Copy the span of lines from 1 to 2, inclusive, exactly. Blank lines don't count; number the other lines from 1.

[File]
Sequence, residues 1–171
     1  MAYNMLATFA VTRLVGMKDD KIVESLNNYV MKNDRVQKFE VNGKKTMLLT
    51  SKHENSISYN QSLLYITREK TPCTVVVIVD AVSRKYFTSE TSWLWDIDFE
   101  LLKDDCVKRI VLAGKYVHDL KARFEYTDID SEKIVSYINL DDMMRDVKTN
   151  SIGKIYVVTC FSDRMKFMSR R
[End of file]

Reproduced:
Sequence, residues 1–171
     1  MAYNMLATFA VTRLVGMKDD KIVESLNNYV MKNDRVQKFE VNGKKTMLLT